Medical Advice

He tossed medical advice about like snake oil, splashing everyone with his venom. He knew nothing, had no education, no training. Yet women – and a few men – hung on his every word, bought his every promise, believed his every statement.

Please use the open space below to share your first 50 words on the topic “medical advice.”


Author: Virginia DeBolt

Writer and teacher who writes blogs about web education, writing practice, and pop culture.

3 thoughts on “Medical Advice”

  1. Hmmmm, “medical advice” you say? After seeing approximately five specialists regarding the pain in my feet with not one of them arriving at the same conclusion I had, I’d pretty much given up. Thank goodness for the internet aiding me in my quest to understand what was happening to my feet. For over ten years I’ve suffered with pain, tingling and numbness in both feet. One wonders how you can have numbness yet feel the discomfort of the other symptoms. At least I did. At any rate, I’ve self-diagnosed that I have post-chemo peripheral neuropathy. That wasn’t mentioned at all during my pre-treatment consultations which I have on tape nor in the literature given to me. However, that’s the answer folks. At this time I read that it is a common side effect of chemo. Nothing you can do about it. In retrospect I’d still have the chemo because it’s not too difficult choice between malignant cancer or bad feet.

  2. Mrs. Pushpa Pant was a self respecting , hard working , middle aged woman , more or less in charge of her body, thoughts and emotions , till one day , the Ladies Welfare Society, of which , unfortunately ,she was the officiating secretary(the real secretary holidaying in France), thrust her into the midst of a very sorry adventure of the medical kind.
    Mrs. Pant had grey hair and occasional dandruff. She worried about her two sons who lived abroad. All her medical illnesses could be put down to those two very serious conditions.Hence, when a medical camp(“free of cost”)was organised for the society ladies, she politely declined.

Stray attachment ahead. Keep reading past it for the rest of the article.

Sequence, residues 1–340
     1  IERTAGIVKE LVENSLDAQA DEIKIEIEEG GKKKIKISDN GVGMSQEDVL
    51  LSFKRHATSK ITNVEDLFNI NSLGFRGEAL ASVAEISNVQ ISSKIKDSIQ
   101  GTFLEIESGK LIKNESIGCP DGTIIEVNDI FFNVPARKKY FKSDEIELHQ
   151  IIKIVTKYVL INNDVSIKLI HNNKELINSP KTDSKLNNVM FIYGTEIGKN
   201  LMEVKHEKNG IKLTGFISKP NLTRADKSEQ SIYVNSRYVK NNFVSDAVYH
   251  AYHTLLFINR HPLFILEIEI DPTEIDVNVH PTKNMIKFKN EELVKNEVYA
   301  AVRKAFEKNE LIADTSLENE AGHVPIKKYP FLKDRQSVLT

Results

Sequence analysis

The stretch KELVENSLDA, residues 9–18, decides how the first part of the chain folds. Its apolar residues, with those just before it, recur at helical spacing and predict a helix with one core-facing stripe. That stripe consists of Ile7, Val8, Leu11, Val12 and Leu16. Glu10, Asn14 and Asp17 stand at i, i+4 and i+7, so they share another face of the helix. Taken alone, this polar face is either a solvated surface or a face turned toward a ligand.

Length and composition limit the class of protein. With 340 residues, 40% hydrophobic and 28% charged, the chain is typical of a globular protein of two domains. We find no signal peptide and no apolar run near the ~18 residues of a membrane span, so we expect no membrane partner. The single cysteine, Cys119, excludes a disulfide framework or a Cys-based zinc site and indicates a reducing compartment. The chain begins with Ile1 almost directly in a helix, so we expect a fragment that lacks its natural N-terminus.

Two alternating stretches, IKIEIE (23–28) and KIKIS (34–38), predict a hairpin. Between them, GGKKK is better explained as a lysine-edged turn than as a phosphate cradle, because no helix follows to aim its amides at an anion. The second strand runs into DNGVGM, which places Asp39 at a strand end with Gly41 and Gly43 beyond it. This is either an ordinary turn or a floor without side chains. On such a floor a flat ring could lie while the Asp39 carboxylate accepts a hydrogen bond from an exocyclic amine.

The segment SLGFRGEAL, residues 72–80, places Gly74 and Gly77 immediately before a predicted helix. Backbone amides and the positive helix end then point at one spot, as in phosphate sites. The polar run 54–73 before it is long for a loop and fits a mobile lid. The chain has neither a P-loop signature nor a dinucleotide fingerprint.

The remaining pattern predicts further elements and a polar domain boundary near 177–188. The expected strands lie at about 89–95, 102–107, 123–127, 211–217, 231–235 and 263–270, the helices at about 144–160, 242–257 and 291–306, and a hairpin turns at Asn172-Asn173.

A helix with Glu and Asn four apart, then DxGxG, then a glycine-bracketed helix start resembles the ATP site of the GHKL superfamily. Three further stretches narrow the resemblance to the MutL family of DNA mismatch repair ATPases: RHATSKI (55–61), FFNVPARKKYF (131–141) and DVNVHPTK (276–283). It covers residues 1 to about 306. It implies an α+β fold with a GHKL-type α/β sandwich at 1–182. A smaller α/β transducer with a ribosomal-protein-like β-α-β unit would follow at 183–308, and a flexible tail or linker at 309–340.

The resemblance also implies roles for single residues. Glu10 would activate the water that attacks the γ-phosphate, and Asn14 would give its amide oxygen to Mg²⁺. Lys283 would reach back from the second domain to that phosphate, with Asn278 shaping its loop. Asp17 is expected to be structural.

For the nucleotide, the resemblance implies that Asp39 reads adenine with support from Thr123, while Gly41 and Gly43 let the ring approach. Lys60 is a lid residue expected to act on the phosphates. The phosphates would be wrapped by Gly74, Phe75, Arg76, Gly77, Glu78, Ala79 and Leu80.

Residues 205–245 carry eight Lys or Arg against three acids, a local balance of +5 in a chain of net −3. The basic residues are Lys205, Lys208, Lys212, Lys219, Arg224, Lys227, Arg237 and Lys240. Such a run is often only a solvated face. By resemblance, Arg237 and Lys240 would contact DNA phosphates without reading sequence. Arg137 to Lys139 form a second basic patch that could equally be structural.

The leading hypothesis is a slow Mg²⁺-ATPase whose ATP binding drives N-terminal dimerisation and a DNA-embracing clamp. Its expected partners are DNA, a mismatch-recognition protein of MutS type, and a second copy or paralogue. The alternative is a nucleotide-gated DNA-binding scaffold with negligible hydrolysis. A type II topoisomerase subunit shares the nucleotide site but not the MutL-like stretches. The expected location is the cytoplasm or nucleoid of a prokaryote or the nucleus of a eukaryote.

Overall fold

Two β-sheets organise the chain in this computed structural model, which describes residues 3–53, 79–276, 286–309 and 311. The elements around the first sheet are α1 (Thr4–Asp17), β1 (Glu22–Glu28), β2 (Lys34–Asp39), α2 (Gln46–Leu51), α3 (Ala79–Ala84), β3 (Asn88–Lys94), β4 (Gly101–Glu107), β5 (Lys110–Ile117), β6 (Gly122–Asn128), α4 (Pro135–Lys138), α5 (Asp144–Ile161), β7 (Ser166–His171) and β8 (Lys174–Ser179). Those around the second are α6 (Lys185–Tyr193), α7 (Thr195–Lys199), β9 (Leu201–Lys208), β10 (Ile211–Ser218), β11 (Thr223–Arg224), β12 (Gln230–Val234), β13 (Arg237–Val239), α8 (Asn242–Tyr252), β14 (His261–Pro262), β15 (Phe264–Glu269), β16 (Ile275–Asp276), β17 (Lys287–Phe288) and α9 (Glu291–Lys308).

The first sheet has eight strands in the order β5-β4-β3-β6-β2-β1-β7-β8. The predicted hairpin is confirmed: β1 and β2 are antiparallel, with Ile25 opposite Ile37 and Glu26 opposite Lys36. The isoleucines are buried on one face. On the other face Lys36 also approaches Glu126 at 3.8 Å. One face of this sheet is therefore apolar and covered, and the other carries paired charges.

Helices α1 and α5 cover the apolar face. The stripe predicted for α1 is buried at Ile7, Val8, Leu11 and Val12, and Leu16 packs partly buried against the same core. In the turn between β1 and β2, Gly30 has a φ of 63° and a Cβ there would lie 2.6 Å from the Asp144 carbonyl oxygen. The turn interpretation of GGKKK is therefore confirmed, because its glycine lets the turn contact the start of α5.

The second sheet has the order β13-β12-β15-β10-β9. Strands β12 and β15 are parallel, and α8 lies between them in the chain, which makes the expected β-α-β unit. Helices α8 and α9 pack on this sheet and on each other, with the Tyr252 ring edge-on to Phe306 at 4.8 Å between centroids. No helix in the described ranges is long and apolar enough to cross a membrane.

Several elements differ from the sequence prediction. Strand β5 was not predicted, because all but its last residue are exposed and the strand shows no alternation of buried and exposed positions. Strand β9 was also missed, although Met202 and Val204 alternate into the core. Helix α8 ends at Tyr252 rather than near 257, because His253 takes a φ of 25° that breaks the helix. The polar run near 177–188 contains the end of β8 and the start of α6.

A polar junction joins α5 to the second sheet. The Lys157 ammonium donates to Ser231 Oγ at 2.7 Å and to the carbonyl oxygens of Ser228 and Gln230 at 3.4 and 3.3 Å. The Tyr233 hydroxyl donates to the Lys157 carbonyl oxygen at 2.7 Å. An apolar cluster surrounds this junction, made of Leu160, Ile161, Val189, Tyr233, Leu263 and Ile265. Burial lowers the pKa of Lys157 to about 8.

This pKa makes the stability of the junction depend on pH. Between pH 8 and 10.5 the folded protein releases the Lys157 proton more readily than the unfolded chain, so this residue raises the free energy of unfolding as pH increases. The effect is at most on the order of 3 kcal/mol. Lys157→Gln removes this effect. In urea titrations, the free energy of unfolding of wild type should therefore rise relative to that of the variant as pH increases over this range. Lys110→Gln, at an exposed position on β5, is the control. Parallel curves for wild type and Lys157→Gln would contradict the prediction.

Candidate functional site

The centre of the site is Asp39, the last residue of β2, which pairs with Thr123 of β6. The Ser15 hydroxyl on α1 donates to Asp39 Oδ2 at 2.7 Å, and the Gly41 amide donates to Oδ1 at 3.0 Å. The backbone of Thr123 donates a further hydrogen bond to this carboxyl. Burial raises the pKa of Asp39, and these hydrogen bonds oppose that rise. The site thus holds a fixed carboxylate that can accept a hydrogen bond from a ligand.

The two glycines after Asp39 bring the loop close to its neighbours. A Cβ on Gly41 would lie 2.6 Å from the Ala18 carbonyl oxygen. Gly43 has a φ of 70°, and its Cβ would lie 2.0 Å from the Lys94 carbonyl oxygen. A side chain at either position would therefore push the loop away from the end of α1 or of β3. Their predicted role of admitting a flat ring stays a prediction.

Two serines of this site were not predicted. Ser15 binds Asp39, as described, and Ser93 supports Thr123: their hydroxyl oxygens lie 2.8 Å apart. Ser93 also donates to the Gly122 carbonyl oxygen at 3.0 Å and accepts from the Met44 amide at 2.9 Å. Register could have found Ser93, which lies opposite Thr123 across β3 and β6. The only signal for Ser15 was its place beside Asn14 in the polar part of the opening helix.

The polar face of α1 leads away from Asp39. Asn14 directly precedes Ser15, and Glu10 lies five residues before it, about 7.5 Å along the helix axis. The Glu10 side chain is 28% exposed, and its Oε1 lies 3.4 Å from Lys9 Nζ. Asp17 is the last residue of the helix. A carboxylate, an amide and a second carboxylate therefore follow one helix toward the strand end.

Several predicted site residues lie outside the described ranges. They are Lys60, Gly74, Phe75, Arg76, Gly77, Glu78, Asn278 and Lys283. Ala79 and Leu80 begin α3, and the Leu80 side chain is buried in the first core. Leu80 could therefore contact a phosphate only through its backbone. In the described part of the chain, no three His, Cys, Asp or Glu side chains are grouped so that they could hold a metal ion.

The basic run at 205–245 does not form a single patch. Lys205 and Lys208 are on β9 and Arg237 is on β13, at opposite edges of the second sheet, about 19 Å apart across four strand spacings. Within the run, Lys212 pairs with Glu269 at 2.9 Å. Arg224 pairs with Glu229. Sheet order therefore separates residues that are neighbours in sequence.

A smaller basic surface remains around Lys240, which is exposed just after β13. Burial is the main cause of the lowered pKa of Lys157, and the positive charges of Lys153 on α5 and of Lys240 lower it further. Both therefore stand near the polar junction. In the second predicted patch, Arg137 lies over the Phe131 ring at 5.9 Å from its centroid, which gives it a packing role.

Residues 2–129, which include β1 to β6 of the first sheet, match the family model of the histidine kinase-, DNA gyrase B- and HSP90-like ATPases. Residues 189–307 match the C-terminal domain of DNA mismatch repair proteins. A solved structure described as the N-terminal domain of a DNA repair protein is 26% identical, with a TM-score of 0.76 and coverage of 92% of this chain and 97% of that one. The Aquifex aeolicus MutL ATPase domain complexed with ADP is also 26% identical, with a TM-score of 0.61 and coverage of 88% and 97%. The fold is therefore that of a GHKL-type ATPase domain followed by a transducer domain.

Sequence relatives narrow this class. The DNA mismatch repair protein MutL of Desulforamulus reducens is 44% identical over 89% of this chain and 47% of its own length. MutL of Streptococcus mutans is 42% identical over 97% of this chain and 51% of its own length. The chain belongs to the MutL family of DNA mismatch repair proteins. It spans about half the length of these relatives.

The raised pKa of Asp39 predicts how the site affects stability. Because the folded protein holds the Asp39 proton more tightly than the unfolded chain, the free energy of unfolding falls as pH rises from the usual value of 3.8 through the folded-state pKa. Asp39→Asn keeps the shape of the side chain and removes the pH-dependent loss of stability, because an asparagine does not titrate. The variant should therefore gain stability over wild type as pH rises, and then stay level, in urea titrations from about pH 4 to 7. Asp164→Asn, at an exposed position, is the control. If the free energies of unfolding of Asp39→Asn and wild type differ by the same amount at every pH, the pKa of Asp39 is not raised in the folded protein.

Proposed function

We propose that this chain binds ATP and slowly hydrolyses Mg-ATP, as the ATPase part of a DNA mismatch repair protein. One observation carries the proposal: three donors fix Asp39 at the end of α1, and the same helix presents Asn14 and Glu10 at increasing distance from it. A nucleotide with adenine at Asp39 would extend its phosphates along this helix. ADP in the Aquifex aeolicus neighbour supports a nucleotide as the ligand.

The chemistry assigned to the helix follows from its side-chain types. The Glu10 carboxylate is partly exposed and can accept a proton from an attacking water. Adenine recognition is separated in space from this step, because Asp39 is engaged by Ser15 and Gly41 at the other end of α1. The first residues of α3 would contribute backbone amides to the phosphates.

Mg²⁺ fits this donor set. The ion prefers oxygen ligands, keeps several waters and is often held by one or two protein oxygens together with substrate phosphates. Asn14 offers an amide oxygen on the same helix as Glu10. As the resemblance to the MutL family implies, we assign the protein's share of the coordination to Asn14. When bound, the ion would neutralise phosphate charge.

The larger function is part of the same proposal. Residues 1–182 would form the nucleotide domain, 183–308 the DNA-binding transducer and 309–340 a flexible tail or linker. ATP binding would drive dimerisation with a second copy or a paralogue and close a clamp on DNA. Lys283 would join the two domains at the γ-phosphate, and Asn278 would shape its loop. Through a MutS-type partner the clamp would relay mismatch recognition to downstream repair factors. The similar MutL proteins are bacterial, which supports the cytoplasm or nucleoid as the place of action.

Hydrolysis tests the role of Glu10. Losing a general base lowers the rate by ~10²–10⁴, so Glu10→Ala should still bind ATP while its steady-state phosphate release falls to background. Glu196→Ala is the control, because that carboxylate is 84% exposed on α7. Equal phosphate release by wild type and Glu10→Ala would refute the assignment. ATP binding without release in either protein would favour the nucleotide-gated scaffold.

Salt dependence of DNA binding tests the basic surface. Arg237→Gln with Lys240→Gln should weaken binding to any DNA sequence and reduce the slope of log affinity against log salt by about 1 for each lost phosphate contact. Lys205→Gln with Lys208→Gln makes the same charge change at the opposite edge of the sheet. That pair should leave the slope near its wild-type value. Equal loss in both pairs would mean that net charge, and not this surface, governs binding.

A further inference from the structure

Consequently, the attendance was poor . The medical personnel , turning out in their workaday best, were seen swatting flies in the empty stands under an impressive shamiana , eating samosas , whatsapping and throwing paper planes at their uniformed colleagues who hurried to and fro, and who had more urgent /important things to do. This augured unwell for the boss’s promotional prospects, not in the least “sullying the image of a hardworking department”.
    Mrs. Pant was called to the air -conditioned office of the President (who also happened to be the boss’s wife ) of the said society, made to sit on a chair with a rexine cover that froze at indoors temperature of 15 degrees,and breathe in wintry air which promptly condensed into anxious glittering drops on her freshly conditioned hair.The Lady President herself sat in a white starched saree, eyeing her as a polar bear does baby seal.After 15 minutes , Mrs. Pant emerged into the sweltering sun of a tropical summer, wreathed in the fog of wanton waste of government power and arctic guilt. She was sneezing, and constantly blowing her nose. In view of the scant attendance of the medical camp (“free of cost”), she was strongly recommended to “get herself checked up ” and thereby “lead the masses ” as befits a hard -working , sincere secretary. In other words, she was asked to present herself as a guinea pig for the newly passed out medical interns and post graduates.

  3. You get old. Medical advice proliferates. Physical therapy rehab is a favorite after any kind of joint injury or replacement; after any kind of heart intervention. If you have atrial fibrillation, they want you to visit the ER if you simply bump your head. Diabetes and A-fib merit advice from dieticians and so do elevated cholesterol and blood pressure. Last year three different doctors used the phrase, ” I recommend that you use a walker.” Because of balance issues brought on by neuropathy as well as breathing issues, I sense another round of “medical advice” coming. Two doctors have already moved in that direction, asking the question, “Do you live along?” The one piece of medical advice I don’t ever want to hear though is “Keep a good sense of humor.” I want to be in charge of that to the very end.

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